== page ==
As the Gareth Southgate love-in around the world intensifies, our reporter in the England camp Anton Toloui takes a look at just how he has steered a team from Iceland disaster to a World Cup semi-final.

Quiet ruthlessness

Many managers would have been loyal to the players and system that had seen England top their World Cup qualifying group and despite Southgate telling reporters he was happy with the team, his revolution began the next month during the friendlies against Brazil and Germany.

Gone were the likes of Joe Hart, Chris Smalling, Daniel Sturridge, Ryan Bertrand and Michael Keane and in came younger players, along with a tactical switch.

Southgate had surmised the three-at-the-back, play it from the back philosophy would only be possible with a new crop of players, hence the reliance on Jordan Pickford, Harry Maguire, Jesse Lingard and others.

Many would be criticised for taking risks so close to a World Cup. Southgate instead backed himself and is reaping the rewards.

Tactical change

It’s argued England don’t have players with the technical ability of Brazil, Germany and Spain so why try to compete in the same way?

Southgate thinks that mantra is daft and went about selecting a system he thought could eventually get England competing at the top level.

Before the tournament, the manager admitted he picked a system first – fitting the players around it. He has defenders that will play the ball from the back, high energy wing-backs adept at crossing and a fluid front-four offering pace, movement and skill.

Clubs and The FA have been trying to develop players more adept than previous generations. Southgate is the first England manager to put this to the test.

Ask any of the players – they appreciate the system and the manager’s trust to allow them to go out and show their footballing skills.

Pride and passion

Every manager demands 100 per cent from their players and every fan wants their heroes to truly mean it when they kiss the badge. Southgate has made it his job to focus on what it takes to get that pride and passion.

The former Villa defender experienced the highs and lows of playing for his country during a period where players were criticised for not caring about the fabled Three Lions.

Let’s be honest, taking well-paid players away from their clubs and families for long stretches to play games where they feel fans will turn on them at the first sight of failure is far from an attractive proposition.

Little things like days with the Marines, the squad watching Bobby Moore documentaries and community work has helped show playing for your country is more than a chore, it’s an honour.

That work started when Southgate was U21 head coach and continues in the youth groups today in an attempt to prove going away on England duty is the highest accolade.

It’s all about family

An important thing that has happened off the pitch is the focus on literal and figurative family.

Figuratively, Southgate has created a squad that is genuinely together with none of the cliques that ruined former squads.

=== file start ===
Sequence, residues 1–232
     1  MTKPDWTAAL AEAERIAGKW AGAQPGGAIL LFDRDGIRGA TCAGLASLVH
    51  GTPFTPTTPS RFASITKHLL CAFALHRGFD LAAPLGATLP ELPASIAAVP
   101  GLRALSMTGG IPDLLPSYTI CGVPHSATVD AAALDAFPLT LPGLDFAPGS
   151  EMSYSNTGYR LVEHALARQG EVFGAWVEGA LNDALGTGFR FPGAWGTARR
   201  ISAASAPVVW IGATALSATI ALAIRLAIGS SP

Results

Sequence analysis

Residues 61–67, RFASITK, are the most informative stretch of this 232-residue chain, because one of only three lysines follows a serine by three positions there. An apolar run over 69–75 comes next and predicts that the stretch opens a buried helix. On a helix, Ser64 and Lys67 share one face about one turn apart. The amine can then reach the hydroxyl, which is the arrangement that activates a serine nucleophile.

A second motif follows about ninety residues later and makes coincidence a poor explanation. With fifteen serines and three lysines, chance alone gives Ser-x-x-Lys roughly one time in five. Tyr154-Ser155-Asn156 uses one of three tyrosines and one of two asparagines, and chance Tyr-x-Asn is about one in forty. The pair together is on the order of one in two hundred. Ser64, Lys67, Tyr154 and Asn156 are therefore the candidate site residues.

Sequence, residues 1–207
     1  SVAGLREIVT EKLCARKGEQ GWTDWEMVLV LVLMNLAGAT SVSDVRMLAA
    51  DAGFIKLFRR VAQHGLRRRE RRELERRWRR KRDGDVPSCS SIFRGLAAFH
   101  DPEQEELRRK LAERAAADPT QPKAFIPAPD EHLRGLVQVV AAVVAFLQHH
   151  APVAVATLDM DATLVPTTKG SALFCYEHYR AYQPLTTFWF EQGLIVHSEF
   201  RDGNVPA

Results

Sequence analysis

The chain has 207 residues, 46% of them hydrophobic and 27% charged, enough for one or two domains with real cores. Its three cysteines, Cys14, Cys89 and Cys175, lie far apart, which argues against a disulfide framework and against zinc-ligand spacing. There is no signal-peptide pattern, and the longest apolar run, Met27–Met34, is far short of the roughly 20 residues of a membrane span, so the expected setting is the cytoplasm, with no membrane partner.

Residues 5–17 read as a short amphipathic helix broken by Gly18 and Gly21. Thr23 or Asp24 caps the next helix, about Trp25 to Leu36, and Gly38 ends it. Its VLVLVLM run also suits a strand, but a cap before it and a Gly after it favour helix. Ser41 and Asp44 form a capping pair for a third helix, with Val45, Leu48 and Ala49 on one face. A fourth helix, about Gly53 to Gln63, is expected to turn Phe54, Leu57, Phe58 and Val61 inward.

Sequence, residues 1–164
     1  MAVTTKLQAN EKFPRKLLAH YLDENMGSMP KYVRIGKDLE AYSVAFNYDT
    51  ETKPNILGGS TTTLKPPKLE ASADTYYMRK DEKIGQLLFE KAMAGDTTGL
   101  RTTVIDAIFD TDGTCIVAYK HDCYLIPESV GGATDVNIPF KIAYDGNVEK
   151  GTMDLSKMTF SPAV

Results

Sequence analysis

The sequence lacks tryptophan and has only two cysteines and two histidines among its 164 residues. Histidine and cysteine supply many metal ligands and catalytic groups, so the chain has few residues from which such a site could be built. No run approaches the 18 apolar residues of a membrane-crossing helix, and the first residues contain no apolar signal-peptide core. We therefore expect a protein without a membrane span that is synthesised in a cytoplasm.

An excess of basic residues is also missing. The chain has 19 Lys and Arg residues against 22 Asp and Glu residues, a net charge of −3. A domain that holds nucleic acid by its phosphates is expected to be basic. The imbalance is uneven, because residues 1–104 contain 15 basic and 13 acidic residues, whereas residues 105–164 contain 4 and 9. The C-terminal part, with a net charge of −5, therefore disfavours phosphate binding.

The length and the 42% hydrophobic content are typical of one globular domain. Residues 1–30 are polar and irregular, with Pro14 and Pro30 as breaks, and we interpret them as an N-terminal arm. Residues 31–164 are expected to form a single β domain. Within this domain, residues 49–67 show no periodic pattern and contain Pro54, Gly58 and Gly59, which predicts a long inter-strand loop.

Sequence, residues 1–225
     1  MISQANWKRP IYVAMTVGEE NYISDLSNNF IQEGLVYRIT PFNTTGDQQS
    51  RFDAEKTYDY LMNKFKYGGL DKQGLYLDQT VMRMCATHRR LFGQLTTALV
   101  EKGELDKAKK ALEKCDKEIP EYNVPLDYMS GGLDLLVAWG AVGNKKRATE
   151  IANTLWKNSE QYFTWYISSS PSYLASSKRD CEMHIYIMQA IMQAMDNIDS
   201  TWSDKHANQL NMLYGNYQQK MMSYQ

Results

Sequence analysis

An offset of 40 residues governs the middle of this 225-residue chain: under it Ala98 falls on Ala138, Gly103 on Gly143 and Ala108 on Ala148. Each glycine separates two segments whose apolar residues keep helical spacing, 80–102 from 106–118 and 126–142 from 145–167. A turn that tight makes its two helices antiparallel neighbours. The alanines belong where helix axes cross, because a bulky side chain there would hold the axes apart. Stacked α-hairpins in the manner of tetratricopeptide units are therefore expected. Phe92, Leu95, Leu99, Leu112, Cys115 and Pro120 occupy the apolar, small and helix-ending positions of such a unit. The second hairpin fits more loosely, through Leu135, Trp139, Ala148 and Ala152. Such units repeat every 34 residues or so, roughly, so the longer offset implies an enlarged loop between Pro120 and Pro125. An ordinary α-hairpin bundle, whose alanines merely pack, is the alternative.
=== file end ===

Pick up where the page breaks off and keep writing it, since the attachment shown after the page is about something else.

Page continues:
It helps that so many of the squad came through the England youth ranks together. Many of these players either came from or have spent a fair bit of time on loan at EFL clubs meaning there’s a rationality and mutual appreciation of each other and the battle it takes to get there.

The England camp is also more inclusive of others’ backgrounds. Southgate appreciates the personal struggle it has taken for many of the side to get to where they are today and knows the role players’ families take in making them grounded, respectful human beings.

Hence the manager’s acceptance to allow Phil Jones and Fabian Delph to leave the camp to attend the births of their children and players being given days off to spend time with their families.

Family comes first is something Southgate has said on more than one occasion. His actions prove that.

Fun, fun, fun

The final point is this. Are you more inclined to work for your boss if they make work more enjoyable? Southgate clearly thinks so.

Some things we’ve noticed while here in Russia that prove Southgate and his team want their players to love the whole World Cup camp experience:

  • Unicorns in the swimming pool
  • Dodgeball during training
  • Late night sessions looking through clips on the players’ phones of fans in the UK losing it
  • Kabaddi during training
  • Southgate and his staff picking the songs on the bus on the way to training
  • Music during training
  • Watching Love Island being a nightly tradition
  • Nerf balls during training
  • Southgate refusing to accept he is a sex and fashion icon with the line ‘I’m no Beckham’
  • A rubber chicken at training

The ‘happiness, motivation and productivity’ of the masses has been debated and intellectualised for years. Southgate’s system is simple; make work an enjoyable experience, it’s only football.

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(c) Sky News 2018: Gareth Southgate’s England revolution at World Cup 2018